There is also the matter of Nick Blaine (Max Minghella) who finally makes a return from the Chicago wilderness and his role in the current military hierarchy is another question raised. Nick began as the Waterford driver and was initially forced by Serena to engage in an off-books version of the ceremony to aid June’s pregnancy attempts. Falling in love was never the plan, but even in Gilead, the heart can find space for desire. Nick’s last appearance came midway through Season 3 (Miller explained other scenes with Nick were cut) when June pleaded with him to tell the Swiss the truth about the Waterfords:
This is your one chance. This is it. This is your chance to be a father to our daughter. How many of those do you think you're gonna get?
Nick did not follow through and this thread was left dangling. So who is Commander Nick Blaine? We know he has been on the side of the resistance and a soldier who helped in the early days of Gilead. He is both on the right and wrong side of history and has somehow not got caught aiding (or smooching) June. They are not particularly subtle when it comes to keeping their love story quiet and yet he still has a position of great power. At times it is hard to know if this is all by design or whether his luck is a plot hole. It is good to see Nick again but he remains an enigma beyond his inability to let June go. Additionally, Bradley Whitford’s charismatic (and problematic) Commander Lawrence is a tricksy character when it comes to motivation. And while you definitely cannot question where Aunt Lydia’s (Ann Dowd) loyalty lies, her position might not be as stable as she thinks it is. As with Serena, it is hard to feel sorry for a character who takes pleasure in dishing out punishment, but Dowd consistently stands out — she has a fun foil later in the season too.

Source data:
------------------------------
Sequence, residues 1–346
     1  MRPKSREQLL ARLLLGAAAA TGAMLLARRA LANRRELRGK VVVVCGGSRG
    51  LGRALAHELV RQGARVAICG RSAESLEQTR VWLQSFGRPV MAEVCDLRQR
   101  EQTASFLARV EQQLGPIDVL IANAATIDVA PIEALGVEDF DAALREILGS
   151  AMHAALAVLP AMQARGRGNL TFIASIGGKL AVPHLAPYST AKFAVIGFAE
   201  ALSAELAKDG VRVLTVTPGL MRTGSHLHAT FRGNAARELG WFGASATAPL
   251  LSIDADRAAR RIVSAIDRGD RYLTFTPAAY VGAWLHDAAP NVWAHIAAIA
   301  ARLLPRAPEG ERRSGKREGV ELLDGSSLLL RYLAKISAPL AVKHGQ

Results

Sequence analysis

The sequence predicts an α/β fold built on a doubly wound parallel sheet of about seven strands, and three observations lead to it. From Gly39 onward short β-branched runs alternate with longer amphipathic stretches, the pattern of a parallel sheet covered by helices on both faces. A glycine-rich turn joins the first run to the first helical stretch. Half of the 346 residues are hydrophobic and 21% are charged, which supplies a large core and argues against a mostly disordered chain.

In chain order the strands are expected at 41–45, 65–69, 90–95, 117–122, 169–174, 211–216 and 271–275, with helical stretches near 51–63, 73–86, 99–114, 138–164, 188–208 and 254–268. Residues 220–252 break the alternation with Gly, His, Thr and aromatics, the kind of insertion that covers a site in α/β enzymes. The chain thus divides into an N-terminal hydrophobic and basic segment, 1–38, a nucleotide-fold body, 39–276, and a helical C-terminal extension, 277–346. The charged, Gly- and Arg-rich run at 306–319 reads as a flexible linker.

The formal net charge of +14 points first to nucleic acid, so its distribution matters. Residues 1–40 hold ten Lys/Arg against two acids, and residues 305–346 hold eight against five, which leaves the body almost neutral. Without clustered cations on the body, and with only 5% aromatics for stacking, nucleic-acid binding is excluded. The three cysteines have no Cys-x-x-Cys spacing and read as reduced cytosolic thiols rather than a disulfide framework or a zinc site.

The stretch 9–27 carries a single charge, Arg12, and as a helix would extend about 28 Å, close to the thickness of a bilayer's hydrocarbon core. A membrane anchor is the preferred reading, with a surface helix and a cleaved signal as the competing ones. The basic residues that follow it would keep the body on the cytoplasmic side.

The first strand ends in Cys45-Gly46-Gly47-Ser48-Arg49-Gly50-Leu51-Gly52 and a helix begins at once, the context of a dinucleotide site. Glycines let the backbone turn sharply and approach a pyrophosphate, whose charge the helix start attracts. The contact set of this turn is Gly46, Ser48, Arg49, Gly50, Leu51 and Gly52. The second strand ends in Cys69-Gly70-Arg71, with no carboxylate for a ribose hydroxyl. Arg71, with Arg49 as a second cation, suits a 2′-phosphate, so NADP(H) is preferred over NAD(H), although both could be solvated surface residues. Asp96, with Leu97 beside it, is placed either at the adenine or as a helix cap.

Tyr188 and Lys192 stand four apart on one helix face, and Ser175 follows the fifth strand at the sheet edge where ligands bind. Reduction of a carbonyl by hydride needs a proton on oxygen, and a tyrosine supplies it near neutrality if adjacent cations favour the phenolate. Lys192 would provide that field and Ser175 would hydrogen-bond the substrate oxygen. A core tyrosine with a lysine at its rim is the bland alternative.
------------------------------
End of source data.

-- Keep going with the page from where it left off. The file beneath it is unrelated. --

Meanwhile, June continues to get pulled in multiple directions and while some of her choices are frustrating, Elisabeth Moss always delivers a searing performance that reminds you why her shelf is weighed down with awards. Even when you want to look away from the horrors unfolding, Moss makes it hard to disengage. The actress is also taking on a new role this season, in which she directs three episodes — including the action-packed third episode. This is quite an achievement considering how much time she is on camera.
Already renewed for Season 5, the episodes made available feel like a bridge that is gearing up for the endgame. No longer spinning its wheels, The Handmaid’s Tale is still a tough watch but one that is finally paying off.
Season 4 of The Handmaid’s Tale begins Wednesday, April 28 on Hulu with the first three episodes (subsequent episodes will air weekly).
Emma Fraser spends most of her time writing about TV, fashion, and costume design; Dana Scully is the reason she loves a pantsuit. Words can also be found at Vulture, Elle, Primetimer, Collider, Little White Lies, Observer, and Girls on Tops. Emma has a Master’s in Film and Television, started a (defunct) blog that mainly focused on Mad Men in 2010, and has been getting paid to write about TV since 2015. It goes back way further as she got her big start making observations in her diary about My So-Called Life’s Angela Chase (and her style) at 14.